Mexican companies remain dedicated as government backtracks on climate commitments
Since taking office in December 2018, Mexico’s president Andres Manuel Lopez-Obrador, often referred to as AMLO, has not inspired much hope among investors in the country’s energy sector. The first six months of his presidency has confirmed investor concerns that the privatizing of the energy industry would be rolled back under AMLO, who has made energy sovereignty a cornerstone of his administration’s agenda. The contracts issued under the 2013 energy reforms have been placed under review and the energy auctions for oil, natural gas and renewables projects that were scheduled for 2018 were cancelled. The energy auctions scheme was introduced in 2015 as a key measure to achieve Mexico’s energy reduction commitments of 30 per cent and 35 per cent by 2021 and 2024, respectively.
Sustainalytics’ Carbon Risk Rating: Platypus Asset Management Live Test
Climate change is at the centre of public debate: from school strikes around the world to a recent landmark court ruling blocking a new coal mine in Australia on climate grounds. It is also increasingly becoming an investment risk and investors are looking to understand how this risk can affect their portfolios.
Preparing for the Storm: Extreme Weather Events and the Chemicals Industry
In 2017, extreme weather events (i.e., hurricanes and flooding) resulted in USD 344 million in economic losses, globally.[i] Chemical companies are particularly exposed to this risk due to their concentration of assets in regions prone to extreme weather events, such as the Gulf Coast region of the United States. This region is home to several refining and petrochemical plants, and to more than half of the country’s downstream chemical production.[ii] With growing investor concern about the physical impacts of climate change and extreme weather events, we examine chemical companies’ preparedness to face this material issue. We also take a closer look at Arkema as a case study.
Risk Exposure in a Changing Climate: The Story of PG&E
The destructive California wildfires in November 2018 once again focused investor attention on climate-change related risks. PG&E, the largest utility in the United States, has stated the fires were very likely caused by its equipment. The company has since announced it will file for bankruptcy protection at the end of January in what is being called the highest profile climate-change bankruptcy to date. The company’s expected liabilities from the devastating wildfires in 2017 and 2018 are estimated at over USD 30 billion and the company’s share price has dropped by over 90% since before the 2017 fire. It is currently unclear what would happen in the event of PG&E filing for bankruptcy protection, but state legislators have mentioned the possibility of breaking up the utility, selling off assets, or converting it to a publicly-owned company.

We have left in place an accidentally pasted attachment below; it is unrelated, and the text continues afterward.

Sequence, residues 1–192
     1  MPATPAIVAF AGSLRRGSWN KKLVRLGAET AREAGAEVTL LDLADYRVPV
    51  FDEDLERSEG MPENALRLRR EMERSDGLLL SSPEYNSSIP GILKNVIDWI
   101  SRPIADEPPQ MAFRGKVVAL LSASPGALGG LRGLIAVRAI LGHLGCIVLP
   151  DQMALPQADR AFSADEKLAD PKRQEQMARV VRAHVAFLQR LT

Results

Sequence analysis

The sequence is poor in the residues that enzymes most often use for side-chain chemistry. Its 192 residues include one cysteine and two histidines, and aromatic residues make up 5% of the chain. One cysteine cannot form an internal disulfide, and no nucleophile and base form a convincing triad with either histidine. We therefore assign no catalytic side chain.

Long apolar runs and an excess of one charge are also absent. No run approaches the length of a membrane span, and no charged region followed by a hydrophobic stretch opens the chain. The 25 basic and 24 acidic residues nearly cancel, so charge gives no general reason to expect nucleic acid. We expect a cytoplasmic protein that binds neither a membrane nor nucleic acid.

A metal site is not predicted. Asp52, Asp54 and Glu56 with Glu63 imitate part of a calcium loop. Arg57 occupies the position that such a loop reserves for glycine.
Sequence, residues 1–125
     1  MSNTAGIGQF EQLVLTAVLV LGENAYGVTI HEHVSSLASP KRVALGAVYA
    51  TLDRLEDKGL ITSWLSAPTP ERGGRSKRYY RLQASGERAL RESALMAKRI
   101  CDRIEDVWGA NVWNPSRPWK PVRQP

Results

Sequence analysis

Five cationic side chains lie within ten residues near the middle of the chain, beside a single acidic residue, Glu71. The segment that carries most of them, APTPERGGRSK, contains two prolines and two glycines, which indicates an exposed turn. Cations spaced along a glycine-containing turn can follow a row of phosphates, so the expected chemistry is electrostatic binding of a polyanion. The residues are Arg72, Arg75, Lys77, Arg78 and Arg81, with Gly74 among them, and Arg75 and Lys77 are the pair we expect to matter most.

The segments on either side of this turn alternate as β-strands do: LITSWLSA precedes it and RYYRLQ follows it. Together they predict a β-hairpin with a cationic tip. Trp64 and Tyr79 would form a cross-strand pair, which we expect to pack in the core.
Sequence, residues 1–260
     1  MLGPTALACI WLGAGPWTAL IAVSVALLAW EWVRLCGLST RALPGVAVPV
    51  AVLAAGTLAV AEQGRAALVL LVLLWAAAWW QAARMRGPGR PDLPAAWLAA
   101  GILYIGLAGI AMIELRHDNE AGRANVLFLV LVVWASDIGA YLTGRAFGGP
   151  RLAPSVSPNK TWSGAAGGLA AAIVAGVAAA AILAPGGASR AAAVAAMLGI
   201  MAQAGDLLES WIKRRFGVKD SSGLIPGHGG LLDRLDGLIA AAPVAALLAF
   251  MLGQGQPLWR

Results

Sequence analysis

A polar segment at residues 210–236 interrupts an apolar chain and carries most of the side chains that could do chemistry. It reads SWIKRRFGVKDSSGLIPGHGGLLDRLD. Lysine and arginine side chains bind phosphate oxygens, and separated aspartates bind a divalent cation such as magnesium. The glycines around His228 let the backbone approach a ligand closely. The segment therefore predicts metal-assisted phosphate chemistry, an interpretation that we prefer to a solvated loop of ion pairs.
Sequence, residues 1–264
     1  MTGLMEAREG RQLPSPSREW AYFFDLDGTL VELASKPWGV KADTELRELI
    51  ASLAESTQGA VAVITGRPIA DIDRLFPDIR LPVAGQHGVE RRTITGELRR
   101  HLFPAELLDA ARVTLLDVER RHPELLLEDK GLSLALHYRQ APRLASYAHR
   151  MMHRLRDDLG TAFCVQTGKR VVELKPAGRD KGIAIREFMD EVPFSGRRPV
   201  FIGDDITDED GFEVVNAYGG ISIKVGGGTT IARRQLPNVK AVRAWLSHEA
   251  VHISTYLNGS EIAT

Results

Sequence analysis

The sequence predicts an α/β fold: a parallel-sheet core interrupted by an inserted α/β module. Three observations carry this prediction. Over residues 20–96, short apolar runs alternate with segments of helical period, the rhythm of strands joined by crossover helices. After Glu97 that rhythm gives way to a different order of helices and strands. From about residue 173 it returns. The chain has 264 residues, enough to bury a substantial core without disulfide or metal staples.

Energy and Climate Policy in Australia: Out of Touch and Out of Time?
Just before the leadership spill two weeks ago, Australia’s former prime minister Malcolm Turnbull discarded the carbon emissions reduction target contained in the National Energy Guarantee (NEG). The proposed legislation was aimed at reforming the country’s electricity market and addressing the “energy trilemma” of ensuring emissions reduction, grid reliability and power price affordability.
Beyond footprinting: How can investors manage carbon risks in their portfolio?
Institutional investors are facing increased pressure from customers, regulators and civil society to become more responsive to the threat of climate change. Over the last few years, there have been several developments that encourage investors to integrate risks associated with climate change into their decision-making (see timeline below). In addition to the impact of their investment, they need to address the effect climate change will have on their investment. This will manifest in both physical risk – through floods, draughts, extreme weather events, etc. – and carbon risk (also referred to as transition risk).
Transition Risk for Oil & Gas Companies: Addressing the Disclosure Gap
As the world transitions towards a low-carbon economy, investors are increasingly interested in how oil and gas companies plan to address related risks. Most companies in the industry recognize that their business is exposed to risks related to carbon regulations, decreasing demand for its products, or increasing costs related to the implementation of emission reduction technologies. However, when it comes to addressing these risks, disclosure is limited (as we noted in our July 2017 blog post on the Task Force for Climate-Related Financial Disclosures [TCFD]). Oil and gas companies will have to increase and improve their disclosure if they want to convince investors of the viability of their business model in a carbon-constrained world.
What will the TCFD mean for Oil and Gas Producers?
Building on the momentum created by the “Aiming for A” resolutions and the Paris Agreement, the Task Force on Climate-related Financial Disclosures (TCFD) published its recommendations for disclosing climate-related risks in June. How will these new guidelines affect the oil and gas industry and can investors leverage them in their engagement efforts?
Sizing up the US withdrawal from the Paris Agreement
President Trump’s announcement last week that he will pull the US out of the Paris Agreement is unlikely to have any meaningful impact on clean energy transition. This is because the global pivot to renewable energy is increasingly being driven by economic fundamentals, not policy (an argument we made in our deep dive of the Paris Agreement in January 2016).